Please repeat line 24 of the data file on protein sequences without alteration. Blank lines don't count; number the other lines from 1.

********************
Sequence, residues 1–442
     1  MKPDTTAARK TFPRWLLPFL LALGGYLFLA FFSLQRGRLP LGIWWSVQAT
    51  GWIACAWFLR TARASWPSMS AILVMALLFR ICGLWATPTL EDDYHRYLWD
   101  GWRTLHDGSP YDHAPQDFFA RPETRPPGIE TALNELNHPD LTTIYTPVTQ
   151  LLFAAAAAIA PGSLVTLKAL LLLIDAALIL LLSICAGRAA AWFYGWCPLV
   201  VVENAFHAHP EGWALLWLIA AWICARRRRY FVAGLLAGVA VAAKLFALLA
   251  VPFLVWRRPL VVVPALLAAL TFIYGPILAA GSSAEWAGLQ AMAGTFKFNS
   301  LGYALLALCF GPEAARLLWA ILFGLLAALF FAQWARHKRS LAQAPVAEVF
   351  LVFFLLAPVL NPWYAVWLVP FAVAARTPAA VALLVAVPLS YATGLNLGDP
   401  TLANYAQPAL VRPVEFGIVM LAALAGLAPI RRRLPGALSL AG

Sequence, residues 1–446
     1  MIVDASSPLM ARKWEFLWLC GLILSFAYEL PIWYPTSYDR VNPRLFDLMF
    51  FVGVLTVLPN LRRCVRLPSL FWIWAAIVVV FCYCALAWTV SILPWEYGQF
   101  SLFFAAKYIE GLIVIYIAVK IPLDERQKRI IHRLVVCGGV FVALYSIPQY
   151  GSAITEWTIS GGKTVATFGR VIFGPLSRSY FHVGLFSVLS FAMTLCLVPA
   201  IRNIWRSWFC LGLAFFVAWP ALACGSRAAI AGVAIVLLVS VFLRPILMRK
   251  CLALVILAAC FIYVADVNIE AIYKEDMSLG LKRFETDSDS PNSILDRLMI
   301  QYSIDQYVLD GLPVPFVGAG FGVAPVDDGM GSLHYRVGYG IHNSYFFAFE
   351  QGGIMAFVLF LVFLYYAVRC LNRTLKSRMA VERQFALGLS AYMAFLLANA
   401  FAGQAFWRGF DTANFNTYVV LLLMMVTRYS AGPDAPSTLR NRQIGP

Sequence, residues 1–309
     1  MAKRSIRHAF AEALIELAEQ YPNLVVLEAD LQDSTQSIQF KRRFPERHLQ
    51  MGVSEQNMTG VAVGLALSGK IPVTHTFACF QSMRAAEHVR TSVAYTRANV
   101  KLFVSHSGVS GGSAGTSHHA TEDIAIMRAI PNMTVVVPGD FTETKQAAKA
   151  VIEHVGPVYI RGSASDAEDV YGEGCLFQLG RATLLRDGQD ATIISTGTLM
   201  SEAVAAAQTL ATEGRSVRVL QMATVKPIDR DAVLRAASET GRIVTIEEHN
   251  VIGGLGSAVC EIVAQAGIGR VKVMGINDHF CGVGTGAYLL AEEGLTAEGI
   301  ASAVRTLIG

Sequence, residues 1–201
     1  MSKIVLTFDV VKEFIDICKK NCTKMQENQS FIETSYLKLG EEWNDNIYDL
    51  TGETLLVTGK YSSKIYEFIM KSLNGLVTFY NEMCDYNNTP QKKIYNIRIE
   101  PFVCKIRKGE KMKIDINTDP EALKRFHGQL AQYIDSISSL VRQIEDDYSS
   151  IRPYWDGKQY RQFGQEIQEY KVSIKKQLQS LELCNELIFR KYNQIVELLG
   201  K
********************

   101  KLFVSHSGVS GGSAGTSHHA TEDIAIMRAI PNMTVVVPGD FTETKQAAKA